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How The Ugliness Of Google Reader Spawned A Booming Startup

Google Reader’s aesthetic made reading news a migraine–more of a chore than an enjoyable experience–so two Stanford engineers set out to design a better product.

How The Ugliness Of Google Reader Spawned A Booming Startup

If you’ve ever experienced Google Reader, the web-based aggregator of RSS feeds, then you’ve experienced ugly. It’s a basic utility lacking any design appeal, cluttered with text and blue hyperlinks. But for Akshay Kothari, the cofounder of Pulse, Google Reader served as an inspiration.

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“When we first started the project at Stanford, we interviewed a handful of hard-core Google Reader users–it’s amazing if you sit down and chat with them,” says Kothari (pictured above). “If you look at the mobile interface, it looks like an inbox–it looks the same as Gmail side-by-side. [Users] would open Google Reader and cringe at the numbers given: 1000-plus stories not yet read, with each of feed having 100-plus stories.”

“The first design was a total disaster,” Kothari says, laughing.

Google Reader’s aesthetic made reading news a migraine–more of a chore than an enjoyable experience–and he and fellow engineer Ankit Gupta set out to design a better product. In just six weeks, the two had created Pulse, a sleek news-reader app for the iPad. (It’s now available on other iOS- and Android-based devices.) In just a little more than a year since its launch, Pulse has rocketed to 4 million users, and their company, Alphonso Labs, has raised $9 million in funding, and won a coveted Apple Design Award for its much-mimicked two-axis interface. But high-end design wasn’t always the focus of Gupta and Kothari, who had coding on their minds more so than any sense of aesthetic.

“The first design was terrible–a total disaster,” Kothari says, laughing. “We had these funky, 3-D visualizations in the back. We had these curved, bezeled [tabs]. I have no sense of design–it took 25 iterations of the layout before we stumbled on this two-axis interface.”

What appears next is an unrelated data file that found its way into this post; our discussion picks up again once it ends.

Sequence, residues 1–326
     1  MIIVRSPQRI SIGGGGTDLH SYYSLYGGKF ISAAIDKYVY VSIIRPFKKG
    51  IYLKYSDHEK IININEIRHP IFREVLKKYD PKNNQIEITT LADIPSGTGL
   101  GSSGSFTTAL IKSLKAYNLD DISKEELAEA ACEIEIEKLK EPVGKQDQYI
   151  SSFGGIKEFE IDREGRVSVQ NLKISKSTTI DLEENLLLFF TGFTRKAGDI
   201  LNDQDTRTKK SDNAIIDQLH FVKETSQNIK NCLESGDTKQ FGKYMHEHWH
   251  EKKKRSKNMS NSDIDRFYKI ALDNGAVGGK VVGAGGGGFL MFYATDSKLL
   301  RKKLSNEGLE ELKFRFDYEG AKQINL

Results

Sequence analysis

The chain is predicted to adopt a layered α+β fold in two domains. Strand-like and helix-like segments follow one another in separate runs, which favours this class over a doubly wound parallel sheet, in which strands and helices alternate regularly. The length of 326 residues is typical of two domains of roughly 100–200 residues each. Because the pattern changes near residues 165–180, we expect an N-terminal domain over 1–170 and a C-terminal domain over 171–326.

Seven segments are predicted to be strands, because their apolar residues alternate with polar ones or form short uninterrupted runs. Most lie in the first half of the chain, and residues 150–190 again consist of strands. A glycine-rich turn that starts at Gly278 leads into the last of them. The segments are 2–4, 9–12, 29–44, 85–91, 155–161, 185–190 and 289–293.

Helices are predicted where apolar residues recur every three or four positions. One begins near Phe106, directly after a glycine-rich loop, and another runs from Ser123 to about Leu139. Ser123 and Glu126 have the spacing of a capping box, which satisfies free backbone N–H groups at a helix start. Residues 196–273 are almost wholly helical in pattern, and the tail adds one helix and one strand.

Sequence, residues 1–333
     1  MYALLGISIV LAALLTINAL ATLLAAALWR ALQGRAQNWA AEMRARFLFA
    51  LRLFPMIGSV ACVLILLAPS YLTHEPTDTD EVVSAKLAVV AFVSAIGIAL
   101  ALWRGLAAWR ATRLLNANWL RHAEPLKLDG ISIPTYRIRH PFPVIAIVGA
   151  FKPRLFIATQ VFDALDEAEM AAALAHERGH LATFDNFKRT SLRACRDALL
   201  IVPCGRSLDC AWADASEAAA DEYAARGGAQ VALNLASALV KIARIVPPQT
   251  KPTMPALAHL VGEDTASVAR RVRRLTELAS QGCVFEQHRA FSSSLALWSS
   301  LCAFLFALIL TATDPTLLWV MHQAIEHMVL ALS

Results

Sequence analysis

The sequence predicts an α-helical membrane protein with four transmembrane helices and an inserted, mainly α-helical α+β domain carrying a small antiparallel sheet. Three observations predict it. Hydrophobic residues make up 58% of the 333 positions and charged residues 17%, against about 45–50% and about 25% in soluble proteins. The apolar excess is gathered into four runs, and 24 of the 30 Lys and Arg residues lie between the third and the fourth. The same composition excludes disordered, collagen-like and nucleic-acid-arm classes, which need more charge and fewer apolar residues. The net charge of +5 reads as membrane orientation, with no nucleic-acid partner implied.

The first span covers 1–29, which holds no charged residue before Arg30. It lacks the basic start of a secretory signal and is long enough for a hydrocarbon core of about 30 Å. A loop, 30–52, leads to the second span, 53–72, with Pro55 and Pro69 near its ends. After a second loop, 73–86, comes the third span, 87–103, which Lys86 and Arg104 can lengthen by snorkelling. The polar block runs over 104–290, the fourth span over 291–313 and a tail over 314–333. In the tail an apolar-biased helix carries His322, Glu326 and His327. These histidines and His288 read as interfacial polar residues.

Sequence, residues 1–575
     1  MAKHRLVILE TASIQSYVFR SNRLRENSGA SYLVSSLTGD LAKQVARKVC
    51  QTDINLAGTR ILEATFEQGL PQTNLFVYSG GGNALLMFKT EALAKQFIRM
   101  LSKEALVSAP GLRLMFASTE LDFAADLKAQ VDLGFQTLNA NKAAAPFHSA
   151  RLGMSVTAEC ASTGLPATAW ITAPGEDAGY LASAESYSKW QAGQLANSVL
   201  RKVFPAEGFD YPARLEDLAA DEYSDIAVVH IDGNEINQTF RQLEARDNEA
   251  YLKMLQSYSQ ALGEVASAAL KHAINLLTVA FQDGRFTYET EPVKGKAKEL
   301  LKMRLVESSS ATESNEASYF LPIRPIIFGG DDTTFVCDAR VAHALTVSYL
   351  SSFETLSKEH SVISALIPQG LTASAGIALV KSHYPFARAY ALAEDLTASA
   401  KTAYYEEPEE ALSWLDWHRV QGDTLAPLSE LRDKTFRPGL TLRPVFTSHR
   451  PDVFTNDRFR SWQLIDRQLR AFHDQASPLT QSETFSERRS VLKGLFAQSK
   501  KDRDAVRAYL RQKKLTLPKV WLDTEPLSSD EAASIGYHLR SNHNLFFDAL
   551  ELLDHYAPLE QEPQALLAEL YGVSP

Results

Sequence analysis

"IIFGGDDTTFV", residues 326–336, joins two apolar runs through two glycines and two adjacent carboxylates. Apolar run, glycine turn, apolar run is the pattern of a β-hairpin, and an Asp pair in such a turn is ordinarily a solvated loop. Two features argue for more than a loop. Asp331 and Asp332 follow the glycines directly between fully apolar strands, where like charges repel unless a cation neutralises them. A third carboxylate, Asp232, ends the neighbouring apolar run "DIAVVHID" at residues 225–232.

Even with little cash, the two cofounders decided to hire a designer. “We said [to a visual designer], ‘We don’t have that much money. Can you spend just one full day with us?'” Kothari recalls.

As Kothari explains, the designer, a classmate from the Stanford D-school, “took out all the crap,” leaving a stripped-down, simple UI where the “content does all the talking.” The upgraded version shot up to the top of the app store charts almost overnight. And a week later, Pulse hit an extraordinary (albeit unexpected) milestone.

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At Apple’s WWDC, Steve Jobs took the stage to talk about the iPad. “One of the first apps he mentioned on the iPad was Pulse, and I was like, ‘Did that just happen?'” Kothari recalls. “It was amazing — we were still in school, and Steve Jobs mentioned our name–I couldn’t even have dreamed that would happen.”

For these engineers, the biggest discovery was design’s import in product development.

But for this masters student in electric engineering, the most important discovery was just how important design was to the development process. “When we started, we didn’t have an office space. Our office space was this place in Palo Alto, called Caffè del Doge, where we would sit down from morning until evening–we’re actually not allowed to enter it anymore because they got so sick of us — but we sat there the whole time, coding the app, improving the design, and going around showing [customers in the store] the iPad app,” Kothari says. “The really cool thing was that the iPad was just released, and so people were curious. But instead of giving them the iPad with the home screen, I would turn on Pulse, and just look over their shoulders to see where things were falling apart. We quickly went from a crappy program to ‘Oh, this is kind of interesting’ to when one person said ‘Does this come with the iPad?’ When he said that, we knew we had hit an interesting point [in the design].”

For any other born-engineers out there interested in trying your hand at your own startup, Kothari has one bit of advice.

“All young entrepreneurs, especially those building consumer products, should think about design–put it as a very high priority,” he says. “Design is everything.”

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About the author

Austin Carr writes about design and technology for Fast Company magazine.

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